CANBERRA, Australia (AP) — Police arrested a 17-year-old and accused him of plotting to detonate three homemade bombs in the Australian city of Melbourne, officials said on Saturday, in the latest terrorism scare involving a teenager.
The teen was arrested on Friday afternoon in a joint federal-state police counterterrorism operation at his home in the suburb of Greenvale where the explosive devices were found, Australian Federal Police Deputy Commissioner Mike Phelan said. The state police bomb squad rendered the devices safe, he said.
Melbourne is Australia's second largest city and is the capital of Victoria state.
Last month, five Australian teenagers were arrested on suspicion of plotting an Islamic State group-inspired terrorist attack at a Veterans' Day ceremony also in Melbourne that included targeting police officers.
"It's deeply troubling to police that such young people in our community are becoming disaffected in the way in which they are and considering endangering the lives of many Australians," Phelan told reporters.
There were "no links at all" between that latest suspect and those arrested last month, Phelan said. Police were investigating whether the latest plot had been inspired by the Islamic State group .
Phelan said he could not confirm a media report that the plot would have targeted a charity run in Melbourne on Sunday to mark Mothers' Day in Australia. He said police were examining evidence and going through intelligence reports to get the full picture. "But let me tell you something was going to happen," Phelan told reporters.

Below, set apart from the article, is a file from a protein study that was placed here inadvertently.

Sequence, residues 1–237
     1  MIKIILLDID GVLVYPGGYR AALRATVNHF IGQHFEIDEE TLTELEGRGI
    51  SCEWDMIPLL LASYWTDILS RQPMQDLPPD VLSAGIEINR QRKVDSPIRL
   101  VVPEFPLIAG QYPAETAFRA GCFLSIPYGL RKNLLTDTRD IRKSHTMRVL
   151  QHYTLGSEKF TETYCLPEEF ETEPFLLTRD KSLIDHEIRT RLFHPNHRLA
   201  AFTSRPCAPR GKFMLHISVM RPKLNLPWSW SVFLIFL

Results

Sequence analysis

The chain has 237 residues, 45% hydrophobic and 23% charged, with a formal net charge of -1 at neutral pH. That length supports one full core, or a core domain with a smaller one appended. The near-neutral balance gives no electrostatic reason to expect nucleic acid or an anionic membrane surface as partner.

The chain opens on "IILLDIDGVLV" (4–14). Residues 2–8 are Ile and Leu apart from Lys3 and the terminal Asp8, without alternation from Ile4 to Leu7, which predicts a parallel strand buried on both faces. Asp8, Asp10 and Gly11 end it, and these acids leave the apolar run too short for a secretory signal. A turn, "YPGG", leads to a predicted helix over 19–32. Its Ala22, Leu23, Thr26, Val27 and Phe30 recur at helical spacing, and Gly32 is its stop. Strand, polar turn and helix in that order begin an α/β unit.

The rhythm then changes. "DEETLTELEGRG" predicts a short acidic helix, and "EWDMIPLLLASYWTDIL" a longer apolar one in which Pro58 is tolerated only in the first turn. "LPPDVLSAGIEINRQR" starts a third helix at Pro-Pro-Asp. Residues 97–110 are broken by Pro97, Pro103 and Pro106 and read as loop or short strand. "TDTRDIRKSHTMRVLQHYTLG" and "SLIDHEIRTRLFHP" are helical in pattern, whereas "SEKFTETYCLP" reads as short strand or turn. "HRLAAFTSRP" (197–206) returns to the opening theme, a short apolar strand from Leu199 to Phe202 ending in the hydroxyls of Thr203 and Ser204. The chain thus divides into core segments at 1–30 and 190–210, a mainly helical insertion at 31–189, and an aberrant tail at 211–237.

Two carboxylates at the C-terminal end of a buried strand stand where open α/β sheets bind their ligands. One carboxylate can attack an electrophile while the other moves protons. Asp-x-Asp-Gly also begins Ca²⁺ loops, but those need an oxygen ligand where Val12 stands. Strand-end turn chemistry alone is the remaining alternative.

"Had we not intervened, there was a real threat of action being taken," he added.
The suspect will appear in the Melbourne Children's Court on Monday on terrorism charges. His identity cannot be revealed for legal reasons.
Police had contained the plot and there was no further threat from the suspect or his colleagues to the people of Victoria, Phelan said.
Prime Minister Tony Abbott said he had been briefed that the bomb plot had been in a "reasonably advanced state of preparation."
Abbott urged Australians to keep the terrorist danger in perspective and to avoid changing their way of life.
"The best thing that you can do right now is to live your life normally because the whole point of terrorism is to scare us out of being ourselves," Abbott told reporters.
The teen was driving from his home with a woman when he was stopped by police, Victoria Police Deputy Commissioner Bob Hill said. Police then ordered three occupants of the house to come outside, he said. Media reported they came out with their hands up.
The boy's father is reportedly a doctor of Syrian background. The family was unaware that bombs were stored in their two-story home.
Hill said "his family are a caring, loving family that are now very, very distraught as a consequence of what is alleged."
"It has undoubtedly taken them by surprise," Hill said.
Phelan described the homemade bombs as "very rudimentary." Their destructive capacity had yet to be assessed, he said.